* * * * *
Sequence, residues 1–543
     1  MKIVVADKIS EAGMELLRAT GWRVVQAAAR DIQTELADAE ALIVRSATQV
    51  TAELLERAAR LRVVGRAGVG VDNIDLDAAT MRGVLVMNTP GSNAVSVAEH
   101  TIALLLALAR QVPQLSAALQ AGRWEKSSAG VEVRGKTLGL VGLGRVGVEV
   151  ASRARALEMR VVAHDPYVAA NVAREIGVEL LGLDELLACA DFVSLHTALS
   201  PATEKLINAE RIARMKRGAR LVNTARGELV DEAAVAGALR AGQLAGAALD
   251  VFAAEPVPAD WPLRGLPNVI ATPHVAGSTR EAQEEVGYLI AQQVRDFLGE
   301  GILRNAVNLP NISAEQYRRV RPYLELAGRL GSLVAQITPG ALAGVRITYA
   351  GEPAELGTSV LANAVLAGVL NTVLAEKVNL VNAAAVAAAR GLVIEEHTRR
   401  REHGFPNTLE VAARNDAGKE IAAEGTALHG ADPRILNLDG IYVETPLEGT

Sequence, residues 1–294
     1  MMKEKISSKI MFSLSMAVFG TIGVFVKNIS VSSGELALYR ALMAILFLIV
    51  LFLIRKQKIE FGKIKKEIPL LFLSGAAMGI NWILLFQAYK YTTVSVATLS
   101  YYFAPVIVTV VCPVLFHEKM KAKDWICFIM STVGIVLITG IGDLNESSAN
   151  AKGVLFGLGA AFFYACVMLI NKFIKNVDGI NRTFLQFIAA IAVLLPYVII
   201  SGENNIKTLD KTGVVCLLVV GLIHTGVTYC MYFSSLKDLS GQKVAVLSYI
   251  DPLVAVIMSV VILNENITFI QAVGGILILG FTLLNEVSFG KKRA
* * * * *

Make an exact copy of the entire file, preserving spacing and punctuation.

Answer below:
Sequence, residues 1–543
     1  MKIVVADKIS EAGMELLRAT GWRVVQAAAR DIQTELADAE ALIVRSATQV
    51  TAELLERAAR LRVVGRAGVG VDNIDLDAAT MRGVLVMNTP GSNAVSVAEH
   101  TIALLLALAR QVPQLSAALQ AGRWEKSSAG VEVRGKTLGL VGLGRVGVEV
   151  ASRARALEMR VVAHDPYVAA NVAREIGVEL LGLDELLACA DFVSLHTALS
   201  PATEKLINAE RIARMKRGAR LVNTARGELV DEAAVAGALR AGQLAGAALD
   251  VFAAEPVPAD WPLRGLPNVI ATPHVAGSTR EAQEEVGYLI AQQVRDFLGE
   301  GILRNAVNLP NISAEQYRRV RPYLELAGRL GSLVAQITPG ALAGVRITYA
   351  GEPAELGTSV LANAVLAGVL NTVLAEKVNL VNAAAVAAAR GLVIEEHTRR
   401  REHGFPNTLE VAARNDAGKE IAAEGTALHG ADPRILNLDG IYVETPLEGT

Sequence, residues 1–294
     1  MMKEKISSKI MFSLSMAVFG TIGVFVKNIS VSSGELALYR ALMAILFLIV
    51  LFLIRKQKIE FGKIKKEIPL LFLSGAAMGI NWILLFQAYK YTTVSVATLS
   101  YYFAPVIVTV VCPVLFHEKM KAKDWICFIM STVGIVLITG IGDLNESSAN
   151  AKGVLFGLGA AFFYACVMLI NKFIKNVDGI NRTFLQFIAA IAVLLPYVII
   201  SGENNIKTLD KTGVVCLLVV GLIHTGVTYC MYFSSLKDLS GQKVAVLSYI
   251  DPLVAVIMSV VILNENITFI QAVGGILILG FTLLNEVSFG KKRA